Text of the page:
Remembering Bed-Stuy in Stories

Herbert Sweat receiving his citation at St. Philip’s Church (Photo by Cyrille Phipps via Our Time Press)

The event hall of St. Philip’s Episcopal Church, in the heart of the Stuyvesant Heights Historic District, was the site of a gathering recently at which numerous neighborhood luminaries were honored for their participation in the Stuyvesant Heights Oral History Project, writes Cyrille Phipps, filmmaker and media educator in Our Time Press.

It’s a challenging time for many lifelong residents, as Phipps notes. Bedford Stuyvesant, once notorious for its crime rate, is being gentrified, and the rising rents, rising home prices and other economic changes in the neighborhood were documented by New York State Comptroller Thomas DiNapoli in a recently released study also reported on by Our Time Press.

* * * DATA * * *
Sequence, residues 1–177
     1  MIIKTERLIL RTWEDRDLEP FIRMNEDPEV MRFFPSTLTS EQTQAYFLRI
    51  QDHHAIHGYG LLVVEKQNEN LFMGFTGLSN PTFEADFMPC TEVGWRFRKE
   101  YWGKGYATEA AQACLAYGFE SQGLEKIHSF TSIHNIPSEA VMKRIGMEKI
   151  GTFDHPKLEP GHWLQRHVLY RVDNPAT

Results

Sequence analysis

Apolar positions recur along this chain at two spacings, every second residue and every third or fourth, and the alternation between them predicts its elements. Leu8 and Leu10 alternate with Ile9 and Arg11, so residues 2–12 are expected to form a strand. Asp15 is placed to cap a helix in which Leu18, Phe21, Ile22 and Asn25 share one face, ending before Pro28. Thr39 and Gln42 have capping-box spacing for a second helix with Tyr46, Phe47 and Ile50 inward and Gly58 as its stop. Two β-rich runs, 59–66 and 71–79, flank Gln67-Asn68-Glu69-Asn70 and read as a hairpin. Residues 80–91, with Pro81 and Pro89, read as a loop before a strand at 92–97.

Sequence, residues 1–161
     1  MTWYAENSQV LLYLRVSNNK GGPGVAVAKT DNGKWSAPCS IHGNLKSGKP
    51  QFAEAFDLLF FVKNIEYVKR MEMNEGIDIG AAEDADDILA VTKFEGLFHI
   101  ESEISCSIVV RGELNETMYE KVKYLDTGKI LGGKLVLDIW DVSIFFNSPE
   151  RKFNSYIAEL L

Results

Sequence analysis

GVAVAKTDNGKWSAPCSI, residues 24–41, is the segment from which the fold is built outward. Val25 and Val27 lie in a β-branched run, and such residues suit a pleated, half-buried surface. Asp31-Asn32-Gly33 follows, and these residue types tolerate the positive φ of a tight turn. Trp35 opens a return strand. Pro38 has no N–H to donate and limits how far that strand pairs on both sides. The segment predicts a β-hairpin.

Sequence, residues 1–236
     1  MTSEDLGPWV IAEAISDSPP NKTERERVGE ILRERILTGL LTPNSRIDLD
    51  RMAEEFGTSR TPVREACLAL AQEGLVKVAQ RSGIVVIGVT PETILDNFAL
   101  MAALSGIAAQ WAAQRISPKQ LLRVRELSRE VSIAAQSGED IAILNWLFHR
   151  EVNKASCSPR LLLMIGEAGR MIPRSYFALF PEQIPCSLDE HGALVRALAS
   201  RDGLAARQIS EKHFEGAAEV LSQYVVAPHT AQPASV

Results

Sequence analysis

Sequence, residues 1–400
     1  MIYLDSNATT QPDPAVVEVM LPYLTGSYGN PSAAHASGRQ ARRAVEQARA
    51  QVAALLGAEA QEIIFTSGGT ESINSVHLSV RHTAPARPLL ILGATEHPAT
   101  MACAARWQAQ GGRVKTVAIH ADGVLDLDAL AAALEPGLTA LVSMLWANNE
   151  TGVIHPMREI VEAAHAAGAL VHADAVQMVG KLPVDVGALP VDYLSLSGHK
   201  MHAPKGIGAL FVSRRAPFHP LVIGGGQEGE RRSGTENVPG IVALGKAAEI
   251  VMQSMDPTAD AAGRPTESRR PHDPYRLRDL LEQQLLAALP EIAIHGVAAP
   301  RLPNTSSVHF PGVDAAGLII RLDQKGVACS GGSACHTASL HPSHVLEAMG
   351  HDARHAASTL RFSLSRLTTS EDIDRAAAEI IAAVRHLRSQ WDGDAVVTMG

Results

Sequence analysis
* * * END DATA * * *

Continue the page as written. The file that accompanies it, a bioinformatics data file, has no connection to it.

The oral history project allows longtime residents, including those whose families have lived in the neighborhood for generations, to reflect on the rich cultural history of Bed-Stuy. As “one of the oldest and most prominent African-American communities in NYC,” the stories of its residents are a rich trove:

…it is stories of families living and growing old in the same household for two or even three generations, or the stories of small businesses and neighborhood churches becoming local institutions. It’s the home of world-known artists, musicians and politicians who made a mark in the streets, halls and playgrounds of this diverse community.

Among those contributing their recollections were Herbert Sweat, a veteran, community activist and lifelong resident who shared stories about his childhood, and Geraldine Jordan who was born and raised in Brooklyn, spent the majority of her life in Bed-Stuy and was married at St. Philip’s Church, of which she has been a member since 1932.

Learn about others whose stories are in the oral history project, including a mother and son who offered homestyle cooking at their local restaurant, at Our Time Press.

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